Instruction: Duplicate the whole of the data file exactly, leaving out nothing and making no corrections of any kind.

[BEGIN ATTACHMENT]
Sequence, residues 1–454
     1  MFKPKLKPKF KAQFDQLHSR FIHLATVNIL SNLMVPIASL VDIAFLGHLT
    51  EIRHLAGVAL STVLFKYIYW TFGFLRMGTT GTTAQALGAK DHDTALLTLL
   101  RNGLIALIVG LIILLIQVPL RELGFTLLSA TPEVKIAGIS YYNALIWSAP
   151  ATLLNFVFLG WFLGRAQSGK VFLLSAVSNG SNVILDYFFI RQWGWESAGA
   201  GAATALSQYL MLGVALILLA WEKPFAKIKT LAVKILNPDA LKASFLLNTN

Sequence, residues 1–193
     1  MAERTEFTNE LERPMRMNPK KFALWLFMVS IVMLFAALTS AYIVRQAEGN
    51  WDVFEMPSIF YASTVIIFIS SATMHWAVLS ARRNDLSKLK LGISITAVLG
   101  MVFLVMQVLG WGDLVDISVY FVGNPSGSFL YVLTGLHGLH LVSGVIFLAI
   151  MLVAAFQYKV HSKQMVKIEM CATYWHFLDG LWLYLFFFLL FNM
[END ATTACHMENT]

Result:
Sequence, residues 1–454
     1  MFKPKLKPKF KAQFDQLHSR FIHLATVNIL SNLMVPIASL VDIAFLGHLT
    51  EIRHLAGVAL STVLFKYIYW TFGFLRMGTT GTTAQALGAK DHDTALLTLL
   101  RNGLIALIVG LIILLIQVPL RELGFTLLSA TPEVKIAGIS YYNALIWSAP
   151  ATLLNFVFLG WFLGRAQSGK VFLLSAVSNG SNVILDYFFI RQWGWESAGA
   201  GAATALSQYL MLGVALILLA WEKPFAKIKT LAVKILNPDA LKASFLLNTN

Sequence, residues 1–193
     1  MAERTEFTNE LERPMRMNPK KFALWLFMVS IVMLFAALTS AYIVRQAEGN
    51  WDVFEMPSIF YASTVIIFIS SATMHWAVLS ARRNDLSKLK LGISITAVLG
   101  MVFLVMQVLG WGDLVDISVY FVGNPSGSFL YVLTGLHGLH LVSGVIFLAI
   151  MLVAAFQYKV HSKQMVKIEM CATYWHFLDG LWLYLFFFLL FNM